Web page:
Monday, December 03, 2007

The Collection by Gioia Deliberto

This book was an example of substance winning out over style. I read (and enjoyed) this book despite the pedestrian prose, the predictable dialog, and the horrific cover design. It’s refreshing to know that sometimes even I can get beyond the things that irritate me and just enjoy a good story.

This is an account of a year in the life of Isabelle Varlet, a fictional seamstress who works in Coco Chanel’s atelier in 1919, a year that was pivotal in Chanel’s career. We follow Isabelle as she makes her way from the provinces to Paris, where she easily gets a job with the groundbreaking couturiere. The work is backbreaking and the pay terrible, but Isabelle is thrilled to be part of the Chanel workshop.

I really enjoyed reading about Isabelle at work, about Chanel’s creative process, and about the world of couturier fashion. The book is filled with interesting details about clothing construction, about the hierarchy and the relationships among the women who work for Chanel, and about life in Paris right after World War I. But this is not a skillfully written novel. Too many plot points rely on coincidence or are tied up with little explanation. Isabelle lacks depth, and the dialog is especially flat and boring. The only character who seems alive is Coco Chanel. Yet on balance, I enjoyed this story.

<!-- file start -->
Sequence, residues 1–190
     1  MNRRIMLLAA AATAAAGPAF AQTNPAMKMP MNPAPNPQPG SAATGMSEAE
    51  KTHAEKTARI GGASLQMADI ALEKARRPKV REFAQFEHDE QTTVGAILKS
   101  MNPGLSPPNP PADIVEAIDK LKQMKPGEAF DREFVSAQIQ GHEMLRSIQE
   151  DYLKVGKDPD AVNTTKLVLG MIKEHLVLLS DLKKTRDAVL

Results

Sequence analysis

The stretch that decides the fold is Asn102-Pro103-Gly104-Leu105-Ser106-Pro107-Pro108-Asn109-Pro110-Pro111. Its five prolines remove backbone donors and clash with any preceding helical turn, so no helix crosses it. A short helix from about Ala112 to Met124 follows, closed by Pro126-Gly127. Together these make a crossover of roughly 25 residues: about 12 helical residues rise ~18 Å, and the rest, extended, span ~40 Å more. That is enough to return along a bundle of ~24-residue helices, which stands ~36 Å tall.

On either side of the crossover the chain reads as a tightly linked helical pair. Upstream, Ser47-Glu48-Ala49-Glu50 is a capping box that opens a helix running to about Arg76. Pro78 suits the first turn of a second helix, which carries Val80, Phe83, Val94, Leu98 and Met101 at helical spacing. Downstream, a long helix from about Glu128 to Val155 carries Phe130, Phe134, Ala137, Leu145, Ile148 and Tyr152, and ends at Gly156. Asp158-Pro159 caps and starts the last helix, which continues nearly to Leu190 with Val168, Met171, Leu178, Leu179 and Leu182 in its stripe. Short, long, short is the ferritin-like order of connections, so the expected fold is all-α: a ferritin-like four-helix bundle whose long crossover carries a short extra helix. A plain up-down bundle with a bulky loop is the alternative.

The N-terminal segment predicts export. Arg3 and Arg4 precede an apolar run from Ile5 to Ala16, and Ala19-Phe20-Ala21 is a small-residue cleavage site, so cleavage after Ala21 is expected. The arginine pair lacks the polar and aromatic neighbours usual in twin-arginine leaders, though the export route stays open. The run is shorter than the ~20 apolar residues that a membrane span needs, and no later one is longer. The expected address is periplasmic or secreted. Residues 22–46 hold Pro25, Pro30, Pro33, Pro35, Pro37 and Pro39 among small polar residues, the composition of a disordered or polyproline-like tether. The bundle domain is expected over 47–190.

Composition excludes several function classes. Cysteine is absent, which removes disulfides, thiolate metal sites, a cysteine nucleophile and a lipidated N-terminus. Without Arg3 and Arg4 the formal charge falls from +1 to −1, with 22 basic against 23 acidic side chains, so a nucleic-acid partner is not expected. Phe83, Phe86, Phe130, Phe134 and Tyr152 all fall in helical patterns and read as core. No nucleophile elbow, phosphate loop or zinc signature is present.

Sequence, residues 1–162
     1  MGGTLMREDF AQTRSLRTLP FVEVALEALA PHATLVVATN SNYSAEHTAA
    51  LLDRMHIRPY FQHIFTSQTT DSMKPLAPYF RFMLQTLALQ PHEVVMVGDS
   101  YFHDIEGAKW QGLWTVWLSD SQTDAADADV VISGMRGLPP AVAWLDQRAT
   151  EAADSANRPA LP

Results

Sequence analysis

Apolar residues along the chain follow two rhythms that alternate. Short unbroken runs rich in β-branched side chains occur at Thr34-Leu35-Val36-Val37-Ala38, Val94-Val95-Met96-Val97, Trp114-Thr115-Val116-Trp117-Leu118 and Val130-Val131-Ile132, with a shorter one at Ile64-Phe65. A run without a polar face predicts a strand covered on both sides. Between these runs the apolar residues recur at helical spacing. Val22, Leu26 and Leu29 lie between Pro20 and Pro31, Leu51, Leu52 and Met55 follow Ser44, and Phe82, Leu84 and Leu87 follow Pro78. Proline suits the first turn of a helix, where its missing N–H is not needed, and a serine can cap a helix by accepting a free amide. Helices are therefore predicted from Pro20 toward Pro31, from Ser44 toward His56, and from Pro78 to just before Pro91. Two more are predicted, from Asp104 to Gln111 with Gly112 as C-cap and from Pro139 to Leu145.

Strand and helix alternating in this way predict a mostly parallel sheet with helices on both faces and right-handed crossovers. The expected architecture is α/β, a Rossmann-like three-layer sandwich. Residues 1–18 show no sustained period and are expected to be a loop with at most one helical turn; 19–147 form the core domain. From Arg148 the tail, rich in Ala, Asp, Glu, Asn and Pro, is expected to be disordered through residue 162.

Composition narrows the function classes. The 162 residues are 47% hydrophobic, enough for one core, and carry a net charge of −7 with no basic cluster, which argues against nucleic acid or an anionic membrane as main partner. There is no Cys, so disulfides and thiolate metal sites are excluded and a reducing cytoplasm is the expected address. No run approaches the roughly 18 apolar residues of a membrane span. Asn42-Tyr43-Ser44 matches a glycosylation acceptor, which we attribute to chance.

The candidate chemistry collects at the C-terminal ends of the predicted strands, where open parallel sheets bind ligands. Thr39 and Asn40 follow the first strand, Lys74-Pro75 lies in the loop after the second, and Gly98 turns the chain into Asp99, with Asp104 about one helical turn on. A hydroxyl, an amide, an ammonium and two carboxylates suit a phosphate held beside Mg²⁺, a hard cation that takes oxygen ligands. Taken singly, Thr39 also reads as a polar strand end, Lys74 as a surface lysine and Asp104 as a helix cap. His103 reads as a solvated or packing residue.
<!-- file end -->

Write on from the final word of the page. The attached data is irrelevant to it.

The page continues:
Gioia Diliberto is good at picking out historical footnotes and turning them into interesting novels. I read her first novel, I am Madame X, a few years ago. That book is a fictionalized account of the life of the woman who posed for the beautiful John Singer Sargant painting called Portrait of Madame X. The book came out around the same time as Girl with a Pearl Earring, a similarly themed book, which got a lot more press. I think I am Madame X was a better book than The Collection.

(Book 53, 2007)

2 comments:

Nicola said...

Yes I would agree that even if the prose or dialogue doesn't sparkle you can still enjoy a book if the theme or plot or details appeal.

I'm currently reading Mary Wesley's The Camomile Lawn and I knew from the opening line that it would appeal to me on every level and it's so nice to discover a book like that!

Becky said...

But Nicola, sometimes I can't seem to get through a book, no matter how interested I am in the topic. If the writing is too bad, I just can't do it. So this one was "good enough."

I haven't tried that particular Mary Wesley book, but have read others. I like her.

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